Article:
"It is clear to people unfamiliar with the IETF that IETF meeting
participants means people who have registered for the IETF meeting."
"I have been told that an IETF meeting does not have security guards
at the door to verify who has a badge to determine whether the person
is registered for the meeting. If someone walks into an IETF meeting,
the person can enjoy the cookie for free and even provide a
contribution at the mic. The person enjoys the same privileges as
people who have paid for meeting attendance fee."
This is also true, but it is clearly not DESIGNED to let anyone
participate for free in our meetings. I'd call this a "side-effect"
that, if abused, would be remedied with exactly the kind of guards
and badge checkers you envision. Participation in our PROCESS is open
and can be achieved through mailing lists. Participation in our
meetings has a real cost associated with it regardless of how it is
funded. You are well aware of the fellowship program for example.
"The fashion in the IETF is to have an open network. There isn't any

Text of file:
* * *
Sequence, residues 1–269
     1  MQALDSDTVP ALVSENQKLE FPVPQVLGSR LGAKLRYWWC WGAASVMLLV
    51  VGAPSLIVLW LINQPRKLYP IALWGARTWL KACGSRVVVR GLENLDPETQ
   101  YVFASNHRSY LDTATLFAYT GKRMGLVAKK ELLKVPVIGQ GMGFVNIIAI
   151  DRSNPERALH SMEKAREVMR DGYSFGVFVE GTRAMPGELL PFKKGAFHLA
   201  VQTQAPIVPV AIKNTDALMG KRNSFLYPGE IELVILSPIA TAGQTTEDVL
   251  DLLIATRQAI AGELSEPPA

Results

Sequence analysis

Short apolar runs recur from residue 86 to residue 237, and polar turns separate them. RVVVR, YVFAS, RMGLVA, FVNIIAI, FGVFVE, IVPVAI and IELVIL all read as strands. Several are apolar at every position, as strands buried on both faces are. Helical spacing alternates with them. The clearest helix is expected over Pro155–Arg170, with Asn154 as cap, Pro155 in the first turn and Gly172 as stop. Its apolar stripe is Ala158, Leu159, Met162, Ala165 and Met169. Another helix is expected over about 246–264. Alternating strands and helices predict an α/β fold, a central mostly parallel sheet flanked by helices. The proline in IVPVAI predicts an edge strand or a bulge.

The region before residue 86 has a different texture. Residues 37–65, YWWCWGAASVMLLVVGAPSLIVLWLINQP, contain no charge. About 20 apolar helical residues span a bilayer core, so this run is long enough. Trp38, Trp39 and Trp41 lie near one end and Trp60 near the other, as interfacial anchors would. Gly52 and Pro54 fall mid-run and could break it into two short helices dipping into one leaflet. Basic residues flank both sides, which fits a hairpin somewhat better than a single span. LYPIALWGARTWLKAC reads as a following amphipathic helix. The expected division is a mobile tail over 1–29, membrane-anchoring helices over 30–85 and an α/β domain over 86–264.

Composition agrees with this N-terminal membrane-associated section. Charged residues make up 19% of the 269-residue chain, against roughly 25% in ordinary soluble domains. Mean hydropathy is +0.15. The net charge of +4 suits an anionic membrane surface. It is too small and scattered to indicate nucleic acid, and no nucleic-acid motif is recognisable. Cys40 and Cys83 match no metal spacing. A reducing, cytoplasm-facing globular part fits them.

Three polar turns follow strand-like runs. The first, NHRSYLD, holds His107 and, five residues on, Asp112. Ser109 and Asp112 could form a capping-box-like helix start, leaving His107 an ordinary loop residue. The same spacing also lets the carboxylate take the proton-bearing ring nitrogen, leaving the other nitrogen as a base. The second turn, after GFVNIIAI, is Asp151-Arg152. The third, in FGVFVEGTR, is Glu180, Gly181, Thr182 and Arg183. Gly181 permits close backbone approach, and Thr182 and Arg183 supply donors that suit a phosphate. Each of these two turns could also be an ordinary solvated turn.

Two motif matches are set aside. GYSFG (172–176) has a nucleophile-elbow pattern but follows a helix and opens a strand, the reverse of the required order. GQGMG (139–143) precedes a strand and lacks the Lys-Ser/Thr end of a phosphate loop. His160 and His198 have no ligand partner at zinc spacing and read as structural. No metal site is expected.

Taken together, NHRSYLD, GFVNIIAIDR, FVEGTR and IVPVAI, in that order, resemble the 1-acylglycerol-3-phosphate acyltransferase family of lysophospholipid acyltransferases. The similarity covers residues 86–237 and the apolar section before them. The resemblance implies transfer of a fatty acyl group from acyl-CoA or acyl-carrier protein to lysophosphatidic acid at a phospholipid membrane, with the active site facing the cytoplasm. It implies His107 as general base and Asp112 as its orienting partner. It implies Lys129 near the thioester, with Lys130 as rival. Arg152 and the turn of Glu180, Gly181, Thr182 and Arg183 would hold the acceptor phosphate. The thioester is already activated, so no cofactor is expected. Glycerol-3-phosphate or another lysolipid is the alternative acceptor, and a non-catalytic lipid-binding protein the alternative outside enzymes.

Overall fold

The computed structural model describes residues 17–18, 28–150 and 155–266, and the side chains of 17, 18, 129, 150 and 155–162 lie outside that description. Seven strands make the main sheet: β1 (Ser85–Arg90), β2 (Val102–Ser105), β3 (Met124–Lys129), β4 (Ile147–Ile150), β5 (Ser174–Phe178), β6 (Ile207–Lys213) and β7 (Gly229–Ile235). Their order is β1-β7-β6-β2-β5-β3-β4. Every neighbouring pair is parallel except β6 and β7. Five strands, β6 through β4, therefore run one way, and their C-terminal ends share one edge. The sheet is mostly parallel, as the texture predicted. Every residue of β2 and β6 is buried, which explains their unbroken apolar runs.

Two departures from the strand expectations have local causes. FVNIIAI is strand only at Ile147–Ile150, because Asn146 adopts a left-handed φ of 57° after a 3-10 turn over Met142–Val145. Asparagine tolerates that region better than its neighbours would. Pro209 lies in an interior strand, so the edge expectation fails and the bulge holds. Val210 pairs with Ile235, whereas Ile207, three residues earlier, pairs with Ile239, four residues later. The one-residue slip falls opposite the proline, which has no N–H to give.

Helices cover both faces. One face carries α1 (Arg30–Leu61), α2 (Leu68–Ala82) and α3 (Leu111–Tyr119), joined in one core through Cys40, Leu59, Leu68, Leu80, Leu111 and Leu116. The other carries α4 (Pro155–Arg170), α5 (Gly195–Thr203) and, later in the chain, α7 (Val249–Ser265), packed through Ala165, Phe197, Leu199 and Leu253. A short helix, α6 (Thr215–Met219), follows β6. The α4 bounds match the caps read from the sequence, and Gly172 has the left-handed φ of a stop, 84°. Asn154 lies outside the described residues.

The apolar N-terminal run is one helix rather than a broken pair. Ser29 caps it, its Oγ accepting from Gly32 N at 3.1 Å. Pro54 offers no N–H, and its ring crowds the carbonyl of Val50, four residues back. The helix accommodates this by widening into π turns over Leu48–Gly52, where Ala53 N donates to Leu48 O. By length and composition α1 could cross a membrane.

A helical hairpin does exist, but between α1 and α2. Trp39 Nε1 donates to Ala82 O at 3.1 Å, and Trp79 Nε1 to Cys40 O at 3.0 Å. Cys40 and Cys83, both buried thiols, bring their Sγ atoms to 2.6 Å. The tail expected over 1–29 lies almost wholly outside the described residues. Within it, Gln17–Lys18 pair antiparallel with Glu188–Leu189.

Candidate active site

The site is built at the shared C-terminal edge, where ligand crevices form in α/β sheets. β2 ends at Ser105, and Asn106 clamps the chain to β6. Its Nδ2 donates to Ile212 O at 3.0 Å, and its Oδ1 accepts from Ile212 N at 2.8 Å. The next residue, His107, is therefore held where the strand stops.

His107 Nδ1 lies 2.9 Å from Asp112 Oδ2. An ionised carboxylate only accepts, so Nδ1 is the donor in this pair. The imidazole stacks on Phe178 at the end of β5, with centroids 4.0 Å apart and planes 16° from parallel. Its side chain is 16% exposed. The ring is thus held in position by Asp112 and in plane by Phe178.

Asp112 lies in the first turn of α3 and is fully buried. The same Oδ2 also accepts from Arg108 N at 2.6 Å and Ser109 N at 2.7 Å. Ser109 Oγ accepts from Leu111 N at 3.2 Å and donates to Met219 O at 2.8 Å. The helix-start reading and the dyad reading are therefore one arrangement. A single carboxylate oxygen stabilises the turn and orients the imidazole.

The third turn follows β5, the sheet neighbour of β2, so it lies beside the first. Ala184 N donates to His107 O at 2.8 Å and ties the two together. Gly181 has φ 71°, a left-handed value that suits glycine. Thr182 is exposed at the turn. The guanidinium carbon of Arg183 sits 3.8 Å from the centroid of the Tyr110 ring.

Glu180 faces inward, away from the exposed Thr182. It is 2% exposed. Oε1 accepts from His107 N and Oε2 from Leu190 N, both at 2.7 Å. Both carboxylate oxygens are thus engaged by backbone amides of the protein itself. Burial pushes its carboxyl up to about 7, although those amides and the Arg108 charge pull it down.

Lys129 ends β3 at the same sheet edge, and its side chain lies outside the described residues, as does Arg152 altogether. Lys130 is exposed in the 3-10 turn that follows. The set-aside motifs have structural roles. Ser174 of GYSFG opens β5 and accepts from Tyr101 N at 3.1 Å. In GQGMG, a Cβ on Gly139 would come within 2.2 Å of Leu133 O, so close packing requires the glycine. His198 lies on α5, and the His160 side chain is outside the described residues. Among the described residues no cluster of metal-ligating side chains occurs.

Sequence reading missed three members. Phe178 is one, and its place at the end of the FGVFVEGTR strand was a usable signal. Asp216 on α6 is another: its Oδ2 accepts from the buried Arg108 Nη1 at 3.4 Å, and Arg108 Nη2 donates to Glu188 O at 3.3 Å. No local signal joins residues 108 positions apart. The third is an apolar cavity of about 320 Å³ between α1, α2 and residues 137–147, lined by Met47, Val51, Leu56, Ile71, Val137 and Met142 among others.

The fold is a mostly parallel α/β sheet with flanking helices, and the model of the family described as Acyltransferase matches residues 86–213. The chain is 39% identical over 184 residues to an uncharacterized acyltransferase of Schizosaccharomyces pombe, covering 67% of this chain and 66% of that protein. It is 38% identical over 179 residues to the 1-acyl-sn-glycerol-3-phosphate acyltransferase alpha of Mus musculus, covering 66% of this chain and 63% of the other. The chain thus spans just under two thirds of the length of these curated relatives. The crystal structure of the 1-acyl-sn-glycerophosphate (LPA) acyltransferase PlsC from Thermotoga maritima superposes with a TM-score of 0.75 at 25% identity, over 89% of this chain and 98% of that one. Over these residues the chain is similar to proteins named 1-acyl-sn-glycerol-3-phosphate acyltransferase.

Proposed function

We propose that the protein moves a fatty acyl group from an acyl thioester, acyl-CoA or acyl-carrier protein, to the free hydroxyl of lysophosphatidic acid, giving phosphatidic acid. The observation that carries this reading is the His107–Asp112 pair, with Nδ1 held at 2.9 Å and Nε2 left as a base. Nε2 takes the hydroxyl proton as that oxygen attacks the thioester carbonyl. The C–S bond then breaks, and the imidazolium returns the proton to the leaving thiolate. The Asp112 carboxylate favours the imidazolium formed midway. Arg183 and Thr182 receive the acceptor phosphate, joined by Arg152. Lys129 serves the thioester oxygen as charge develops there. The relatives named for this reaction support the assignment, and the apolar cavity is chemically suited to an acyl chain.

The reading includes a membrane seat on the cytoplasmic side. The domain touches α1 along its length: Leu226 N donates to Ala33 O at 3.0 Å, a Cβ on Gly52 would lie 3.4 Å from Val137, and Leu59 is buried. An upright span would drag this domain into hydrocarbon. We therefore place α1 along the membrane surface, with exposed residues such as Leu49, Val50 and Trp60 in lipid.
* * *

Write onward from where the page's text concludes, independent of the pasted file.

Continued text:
admission control and credentials are not required to enjoy the
benefit of free and full Internet access. The IETF may run out of
cookies; it never runs out of bandwidth."
I would have to disagree. You were probably not even born when we
had real terminal rooms with real terminals and computers and mean
looking security guards who very much did check badges. As stewards
of the IETF meeting resources, I would say that it is perfectly
reasonable for the IAOC (or the local host) to control access to
<insert resource> to only meeting participants. There is no principal
difference between cookies and network here as far as I am concerned.
And as others have pointed out, access control to WiFi networks is
the norm rather than the exception, even when they are "free".
Ole J. Jacobsen
Editor and Publisher, The Internet Protocol Journal
Tel: +1 408-527-8972 Mobile: +1 415-370-4628
E-mail: ole(_at_)cisco(_dot_)com URL: http://www.cisco.com/ipj
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